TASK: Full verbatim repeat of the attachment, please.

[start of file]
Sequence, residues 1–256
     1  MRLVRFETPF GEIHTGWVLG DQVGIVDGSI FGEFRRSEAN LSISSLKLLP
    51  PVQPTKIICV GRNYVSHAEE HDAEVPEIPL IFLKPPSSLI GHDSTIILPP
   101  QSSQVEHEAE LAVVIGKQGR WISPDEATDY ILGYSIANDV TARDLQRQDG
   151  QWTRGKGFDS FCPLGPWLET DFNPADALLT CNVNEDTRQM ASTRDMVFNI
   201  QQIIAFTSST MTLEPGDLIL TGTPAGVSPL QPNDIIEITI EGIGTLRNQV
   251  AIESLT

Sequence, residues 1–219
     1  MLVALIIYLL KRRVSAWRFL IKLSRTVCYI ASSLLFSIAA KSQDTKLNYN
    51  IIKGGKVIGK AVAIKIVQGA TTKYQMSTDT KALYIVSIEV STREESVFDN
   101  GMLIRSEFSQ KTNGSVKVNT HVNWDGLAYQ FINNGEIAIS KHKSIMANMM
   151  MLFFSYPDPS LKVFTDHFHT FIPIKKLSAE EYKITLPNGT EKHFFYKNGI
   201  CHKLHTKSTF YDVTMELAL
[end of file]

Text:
Sequence, residues 1–256
     1  MRLVRFETPF GEIHTGWVLG DQVGIVDGSI FGEFRRSEAN LSISSLKLLP
    51  PVQPTKIICV GRNYVSHAEE HDAEVPEIPL IFLKPPSSLI GHDSTIILPP
   101  QSSQVEHEAE LAVVIGKQGR WISPDEATDY ILGYSIANDV TARDLQRQDG
   151  QWTRGKGFDS FCPLGPWLET DFNPADALLT CNVNEDTRQM ASTRDMVFNI
   201  QQIIAFTSST MTLEPGDLIL TGTPAGVSPL QPNDIIEITI EGIGTLRNQV
   251  AIESLT

Sequence, residues 1–219
     1  MLVALIIYLL KRRVSAWRFL IKLSRTVCYI ASSLLFSIAA KSQDTKLNYN
    51  IIKGGKVIGK AVAIKIVQGA TTKYQMSTDT KALYIVSIEV STREESVFDN
   101  GMLIRSEFSQ KTNGSVKVNT HVNWDGLAYQ FINNGEIAIS KHKSIMANMM
   151  MLFFSYPDPS LKVFTDHFHT FIPIKKLSAE EYKITLPNGT EKHFFYKNGI
   201  CHKLHTKSTF YDVTMELAL